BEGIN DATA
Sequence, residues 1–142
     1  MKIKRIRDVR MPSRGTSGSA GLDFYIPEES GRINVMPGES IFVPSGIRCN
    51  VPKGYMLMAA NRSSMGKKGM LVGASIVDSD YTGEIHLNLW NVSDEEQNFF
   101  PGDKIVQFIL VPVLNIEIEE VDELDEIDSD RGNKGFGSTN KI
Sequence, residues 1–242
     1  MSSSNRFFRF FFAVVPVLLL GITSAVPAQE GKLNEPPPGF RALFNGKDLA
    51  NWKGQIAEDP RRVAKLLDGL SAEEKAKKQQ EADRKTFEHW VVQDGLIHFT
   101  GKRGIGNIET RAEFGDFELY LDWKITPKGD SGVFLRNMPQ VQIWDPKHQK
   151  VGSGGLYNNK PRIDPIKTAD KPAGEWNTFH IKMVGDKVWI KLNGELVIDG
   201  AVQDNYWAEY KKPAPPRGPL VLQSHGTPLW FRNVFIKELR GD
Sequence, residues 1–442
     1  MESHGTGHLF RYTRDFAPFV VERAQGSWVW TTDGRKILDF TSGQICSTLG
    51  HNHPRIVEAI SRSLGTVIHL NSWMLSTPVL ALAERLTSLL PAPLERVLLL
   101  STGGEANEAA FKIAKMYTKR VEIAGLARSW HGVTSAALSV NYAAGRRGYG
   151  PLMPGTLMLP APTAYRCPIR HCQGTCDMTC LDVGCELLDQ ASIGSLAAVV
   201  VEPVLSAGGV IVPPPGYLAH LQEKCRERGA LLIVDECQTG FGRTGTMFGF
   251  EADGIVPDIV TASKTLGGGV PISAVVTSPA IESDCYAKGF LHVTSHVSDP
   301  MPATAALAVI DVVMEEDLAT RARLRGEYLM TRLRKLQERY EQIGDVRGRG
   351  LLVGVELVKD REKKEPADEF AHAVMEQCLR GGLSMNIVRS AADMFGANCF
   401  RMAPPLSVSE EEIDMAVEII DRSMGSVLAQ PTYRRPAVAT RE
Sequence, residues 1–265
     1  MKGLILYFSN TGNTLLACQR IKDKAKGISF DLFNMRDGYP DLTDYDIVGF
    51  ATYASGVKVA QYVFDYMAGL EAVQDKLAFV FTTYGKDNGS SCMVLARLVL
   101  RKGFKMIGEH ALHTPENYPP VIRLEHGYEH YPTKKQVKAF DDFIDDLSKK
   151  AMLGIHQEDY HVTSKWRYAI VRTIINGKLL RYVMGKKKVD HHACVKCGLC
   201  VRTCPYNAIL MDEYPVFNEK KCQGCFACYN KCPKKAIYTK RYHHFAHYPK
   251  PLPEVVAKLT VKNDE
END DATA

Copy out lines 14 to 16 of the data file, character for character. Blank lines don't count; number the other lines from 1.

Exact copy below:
   101  STGGEANEAA FKIAKMYTKR VEIAGLARSW HGVTSAALSV NYAAGRRGYG
   151  PLMPGTLMLP APTAYRCPIR HCQGTCDMTC LDVGCELLDQ ASIGSLAAVV
   201  VEPVLSAGGV IVPPPGYLAH LQEKCRERGA LLIVDECQTG FGRTGTMFGF